by Adriel Colón-Casiano, Esq.
In the early hours on August 24, 2021, New York’s 57th Governor was sworn into office. Lieutenant Governor Kathy Hochul shortened her title and became the first woman to ever assume the governorship.
Andrew M. Cuomo, the previous Governor, resigned with more than a year left in his third term, following an explosive report from Attorney General Letitia James. The report detailed alleged sexual assaults, described a hostile workplace environment, and alleged other misconduct. Facing an impeachment inquiry in the state Assembly and calls from virtually every elected official to resign, he ultimately relented.
Governor Hochul is not new to politics and served as the Lieutenant Governor for Cuomo for the last two of his terms. Before running for Lieutenant Governor, she was Erie County Clerk in 2007 and then ran for Congress in 2011 when she flipped the traditionally Republican-held seat to Democratic.
The Governor wasted no time in announcing her agenda. On her first day she announced a comprehensive plan to ensure a safe return to schools in the fall. This plan will direct the Department of Health to require masks at all schools, mandate vaccines for school employees and launched a $585 million testing program in schools. She will continue the regular updates on COVID-19 vaccination rates and institute additional mask requirements in other areas as well.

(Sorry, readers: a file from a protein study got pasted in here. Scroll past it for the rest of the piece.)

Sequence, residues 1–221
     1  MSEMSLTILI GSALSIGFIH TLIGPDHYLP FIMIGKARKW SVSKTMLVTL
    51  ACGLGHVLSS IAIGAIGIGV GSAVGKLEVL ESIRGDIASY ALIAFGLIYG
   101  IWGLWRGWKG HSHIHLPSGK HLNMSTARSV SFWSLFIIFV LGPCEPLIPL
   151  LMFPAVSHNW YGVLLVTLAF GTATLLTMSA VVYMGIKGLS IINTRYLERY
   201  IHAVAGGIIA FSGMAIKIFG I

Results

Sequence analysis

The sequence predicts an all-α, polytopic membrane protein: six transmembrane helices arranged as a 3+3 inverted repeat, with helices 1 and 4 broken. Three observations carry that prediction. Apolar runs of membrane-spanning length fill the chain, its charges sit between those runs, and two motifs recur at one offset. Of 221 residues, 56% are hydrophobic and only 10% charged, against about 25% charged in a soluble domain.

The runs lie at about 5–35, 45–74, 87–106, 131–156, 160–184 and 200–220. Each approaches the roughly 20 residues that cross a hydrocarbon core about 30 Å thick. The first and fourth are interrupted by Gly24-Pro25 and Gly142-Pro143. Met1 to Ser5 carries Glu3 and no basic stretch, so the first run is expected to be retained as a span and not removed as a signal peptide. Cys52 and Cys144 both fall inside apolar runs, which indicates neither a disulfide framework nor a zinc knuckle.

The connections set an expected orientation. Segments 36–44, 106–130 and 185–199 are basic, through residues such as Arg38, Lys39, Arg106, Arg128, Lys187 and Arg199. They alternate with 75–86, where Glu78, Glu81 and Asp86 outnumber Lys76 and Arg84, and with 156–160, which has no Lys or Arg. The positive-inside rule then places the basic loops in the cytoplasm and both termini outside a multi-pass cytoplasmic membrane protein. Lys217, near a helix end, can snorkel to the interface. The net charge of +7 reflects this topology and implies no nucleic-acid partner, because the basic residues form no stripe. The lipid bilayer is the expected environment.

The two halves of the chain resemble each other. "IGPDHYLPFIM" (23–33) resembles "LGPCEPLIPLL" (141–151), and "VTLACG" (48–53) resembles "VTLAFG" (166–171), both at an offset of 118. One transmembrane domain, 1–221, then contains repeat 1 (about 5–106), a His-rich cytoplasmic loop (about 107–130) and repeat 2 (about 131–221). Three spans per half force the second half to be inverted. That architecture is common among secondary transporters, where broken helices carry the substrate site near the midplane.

The Governor also announced she would invest funds into an advertising effort to increase rent relief program applications in underserved communities. Importantly, tenants who apply can’t be evicted while the application is being reviewed.
She also faces number of challenges. The pandemic of course, and in a way, she must now make some tough decisions on vaccination and the incoming school year. With Cuomo’s abrupt resignation the Governor still must make critical staffing decisions, who to keep from the former Governor and attract new talent to fill open positions. Finally, she also must consider her political future. The Governor announced she will run for in a full term as governor in 2022, which is shaping up to be a potentially crowded field with Cuomo’s departure.
Photos were taken from the https://www.governor.ny.gov/ website
Adriel Colon-Casiano is an attorney and lobbyist for the New York State Bar Association. He is a board member for the Capital District Black and Hispanic Bar Association and also sits on the Alumni Board for the University at Albany. In his free time, Adriel likes to paint and sculpt.